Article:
Total state spending in Transportation Fund
2015-16 $1,929.6 million
2016-17 $1,941.1 million (+$11.5 million, +0.6%)

Debt payments, Transportation Fund
2015-16 $340.8 million
2016-17 $356.1 million (+$15.3 million, +4.5%)

So that means we actually SPENT LESS on fixing the roads and in giving out local aids for roads and transportation in Fiscal Year 2017 than Fiscal Year 2016. Which helps to explain the side effects of the 2015-17 austerity budget. Think about how many more wheel taxes and similar local fees that have had to be imposed in the last 2 years so communities could adequately fix their streets, because they didn’t have enough funding from the state or feds to take care of these needs.
So really, these projects could have been completed on time and without fanfare if we had competent leadership at the Capitol, but instead our Guv was more worried about kissing up to DC lobbyist Grover Norquist by "holding the line on taxes" ahead of his (failed) presidential campaign instead of maintaining our state's infrasturcture. And now they're asking for applause for playing catch-up?

The other problem with funneling the money to the Appleton project is that it doesn’t help other everyday highways in the state. With $134 million going into the SE corner of the state to further subsidize the Fox-con, using up these excess DOT funds to keep people in Appleton happy means there is nothing left to fix everything else in the state. And there is also nothing to carry over to the next budget, where there are still around a $1 billion deficit to take care of in order to catch up to the needs that weren’t met in this budget.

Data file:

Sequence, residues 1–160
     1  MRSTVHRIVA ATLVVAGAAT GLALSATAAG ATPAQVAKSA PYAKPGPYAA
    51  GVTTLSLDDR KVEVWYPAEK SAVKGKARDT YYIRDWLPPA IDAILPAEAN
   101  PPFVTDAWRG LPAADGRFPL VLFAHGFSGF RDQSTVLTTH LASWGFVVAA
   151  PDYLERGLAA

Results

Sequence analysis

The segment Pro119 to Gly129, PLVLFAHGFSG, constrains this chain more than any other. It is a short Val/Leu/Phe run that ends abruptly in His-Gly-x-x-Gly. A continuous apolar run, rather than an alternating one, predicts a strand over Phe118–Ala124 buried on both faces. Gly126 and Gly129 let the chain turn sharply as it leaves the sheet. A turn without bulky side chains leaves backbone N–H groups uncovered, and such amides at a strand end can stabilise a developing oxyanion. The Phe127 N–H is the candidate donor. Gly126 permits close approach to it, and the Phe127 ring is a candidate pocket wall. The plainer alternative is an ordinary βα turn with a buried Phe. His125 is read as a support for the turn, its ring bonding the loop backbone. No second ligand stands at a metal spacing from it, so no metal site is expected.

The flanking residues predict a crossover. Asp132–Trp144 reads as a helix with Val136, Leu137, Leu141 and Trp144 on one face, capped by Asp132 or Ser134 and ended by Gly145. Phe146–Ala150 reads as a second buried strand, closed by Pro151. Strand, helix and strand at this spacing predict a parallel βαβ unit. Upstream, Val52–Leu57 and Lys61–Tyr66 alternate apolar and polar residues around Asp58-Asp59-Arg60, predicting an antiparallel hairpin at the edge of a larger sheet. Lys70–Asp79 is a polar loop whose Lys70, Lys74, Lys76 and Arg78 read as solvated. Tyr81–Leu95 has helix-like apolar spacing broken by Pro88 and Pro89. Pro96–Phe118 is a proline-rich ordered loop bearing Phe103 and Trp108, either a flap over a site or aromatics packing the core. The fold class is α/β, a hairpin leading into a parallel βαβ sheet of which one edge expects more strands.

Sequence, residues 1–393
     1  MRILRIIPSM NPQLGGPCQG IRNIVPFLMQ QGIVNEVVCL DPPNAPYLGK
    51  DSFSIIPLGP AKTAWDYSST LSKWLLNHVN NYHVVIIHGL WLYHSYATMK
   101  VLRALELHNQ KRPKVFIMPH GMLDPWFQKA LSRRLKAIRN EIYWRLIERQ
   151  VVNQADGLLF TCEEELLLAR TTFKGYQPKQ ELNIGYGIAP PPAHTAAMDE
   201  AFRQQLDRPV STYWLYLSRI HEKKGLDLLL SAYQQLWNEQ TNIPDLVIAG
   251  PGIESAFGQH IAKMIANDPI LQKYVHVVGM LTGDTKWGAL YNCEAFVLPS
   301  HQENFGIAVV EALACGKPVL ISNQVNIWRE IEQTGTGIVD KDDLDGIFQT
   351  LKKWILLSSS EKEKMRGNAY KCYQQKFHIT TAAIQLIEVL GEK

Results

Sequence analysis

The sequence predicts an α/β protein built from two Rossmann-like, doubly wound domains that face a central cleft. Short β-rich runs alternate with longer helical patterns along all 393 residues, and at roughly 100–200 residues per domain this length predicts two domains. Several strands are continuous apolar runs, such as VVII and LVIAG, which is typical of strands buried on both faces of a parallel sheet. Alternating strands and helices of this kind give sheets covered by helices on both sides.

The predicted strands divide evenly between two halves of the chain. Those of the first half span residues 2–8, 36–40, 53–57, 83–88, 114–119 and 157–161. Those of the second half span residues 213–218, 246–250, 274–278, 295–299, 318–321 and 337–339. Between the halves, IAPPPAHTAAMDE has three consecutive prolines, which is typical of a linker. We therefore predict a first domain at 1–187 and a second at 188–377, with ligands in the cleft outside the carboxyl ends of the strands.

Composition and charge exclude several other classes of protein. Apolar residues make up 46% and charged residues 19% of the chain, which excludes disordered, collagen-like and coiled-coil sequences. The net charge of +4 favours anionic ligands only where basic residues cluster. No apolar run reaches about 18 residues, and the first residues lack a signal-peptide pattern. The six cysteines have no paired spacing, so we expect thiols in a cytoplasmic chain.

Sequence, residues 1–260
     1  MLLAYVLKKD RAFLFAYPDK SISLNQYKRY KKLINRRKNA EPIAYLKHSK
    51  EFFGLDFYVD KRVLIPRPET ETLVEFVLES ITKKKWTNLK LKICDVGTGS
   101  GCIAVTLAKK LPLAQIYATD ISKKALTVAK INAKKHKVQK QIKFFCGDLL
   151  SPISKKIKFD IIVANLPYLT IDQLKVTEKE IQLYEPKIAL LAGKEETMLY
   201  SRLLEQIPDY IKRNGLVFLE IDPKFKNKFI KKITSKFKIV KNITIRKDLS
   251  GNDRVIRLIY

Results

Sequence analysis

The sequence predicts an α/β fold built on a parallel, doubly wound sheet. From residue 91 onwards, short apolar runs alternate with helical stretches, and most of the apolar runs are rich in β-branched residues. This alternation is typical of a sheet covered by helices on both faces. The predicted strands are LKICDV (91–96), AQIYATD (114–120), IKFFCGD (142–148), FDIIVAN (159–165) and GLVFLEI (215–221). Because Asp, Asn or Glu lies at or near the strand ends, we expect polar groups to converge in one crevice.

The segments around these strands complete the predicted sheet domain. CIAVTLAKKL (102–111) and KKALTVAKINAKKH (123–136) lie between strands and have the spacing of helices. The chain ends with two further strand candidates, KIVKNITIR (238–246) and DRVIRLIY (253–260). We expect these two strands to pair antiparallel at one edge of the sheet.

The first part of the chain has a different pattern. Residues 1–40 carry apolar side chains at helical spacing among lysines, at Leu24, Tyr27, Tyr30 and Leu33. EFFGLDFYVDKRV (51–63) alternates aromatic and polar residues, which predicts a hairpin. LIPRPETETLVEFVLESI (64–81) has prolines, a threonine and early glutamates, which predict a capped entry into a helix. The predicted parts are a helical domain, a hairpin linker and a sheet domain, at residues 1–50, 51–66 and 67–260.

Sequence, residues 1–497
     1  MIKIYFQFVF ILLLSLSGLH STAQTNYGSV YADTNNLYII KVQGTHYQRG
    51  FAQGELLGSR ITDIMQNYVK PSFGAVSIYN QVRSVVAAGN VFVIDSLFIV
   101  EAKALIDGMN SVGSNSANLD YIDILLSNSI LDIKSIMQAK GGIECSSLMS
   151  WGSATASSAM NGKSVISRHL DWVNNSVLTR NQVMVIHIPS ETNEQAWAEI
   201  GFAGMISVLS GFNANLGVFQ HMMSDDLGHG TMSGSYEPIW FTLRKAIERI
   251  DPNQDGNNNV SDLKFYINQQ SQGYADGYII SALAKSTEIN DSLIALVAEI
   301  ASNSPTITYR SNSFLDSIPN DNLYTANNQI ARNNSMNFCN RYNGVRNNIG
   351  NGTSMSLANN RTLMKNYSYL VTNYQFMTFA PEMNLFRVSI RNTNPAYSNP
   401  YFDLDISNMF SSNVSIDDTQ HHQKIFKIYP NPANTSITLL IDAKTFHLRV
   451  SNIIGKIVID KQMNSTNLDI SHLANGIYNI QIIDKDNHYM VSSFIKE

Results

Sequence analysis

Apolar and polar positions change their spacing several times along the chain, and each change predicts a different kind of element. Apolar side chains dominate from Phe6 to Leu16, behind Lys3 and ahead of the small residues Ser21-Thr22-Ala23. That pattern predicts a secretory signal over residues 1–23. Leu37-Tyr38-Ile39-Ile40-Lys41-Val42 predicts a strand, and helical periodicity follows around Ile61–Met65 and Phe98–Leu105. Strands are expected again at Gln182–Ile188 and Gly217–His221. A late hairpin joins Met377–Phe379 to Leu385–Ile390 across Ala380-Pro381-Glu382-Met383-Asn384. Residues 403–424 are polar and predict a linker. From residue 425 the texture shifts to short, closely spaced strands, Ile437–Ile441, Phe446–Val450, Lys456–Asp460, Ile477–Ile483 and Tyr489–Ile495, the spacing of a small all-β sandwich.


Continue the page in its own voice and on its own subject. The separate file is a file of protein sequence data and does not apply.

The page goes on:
And between the lines, the reason behind yesterday's announcement of funding for 10-441 is obvious- the Walker Administration is floundering on the road funding issue, and the weekend's revelation that they were throwing $134 million around Foxconn with no debate went over VERY badly. So now Walker is trying to appear that he isn’t screwing over the rest of the state, and trying to shore up support in NE Wisconsin that is clearly slipping.

No dice, Scotty. DOT is still in a funding mess, especially at the local road and state highway level, and any kind of Band-aid that you try to put on this won’t be nearly enough to cover up the many potholes and other road gaps that will open up in the coming months.


  1. Yep, our roads have deteriorated badly, a choice by Walker et al. They really don't care, yet they realize they need today's PR stunt so that people will accept them.

    All that taxpayer money going to Foxconn could just as easily gone to other purposes, say roads, schools, what have you.

    I say glue these bad priorities to their GOP necks, so voters know the score, and also use the same approach to that destroyer-in-chief, Paul Ryan.

  2. Deferred maintenance, like increased debt, cuts to the social safety net, and weakened environmental protection, is masked and deferred taxation.

    We will pay more to maintain our cars.
    Businesses will pay more to maintain their fleets.
    Construction and maintenance will be more expensive in the future.

    Republicans are fond of saying we shouldn't fix problems throwing money at them. I say you either take care of your shit or get buried in it.

  3. I think Rowen first coined “ Pothole Scotty “ - a well deserved nickname.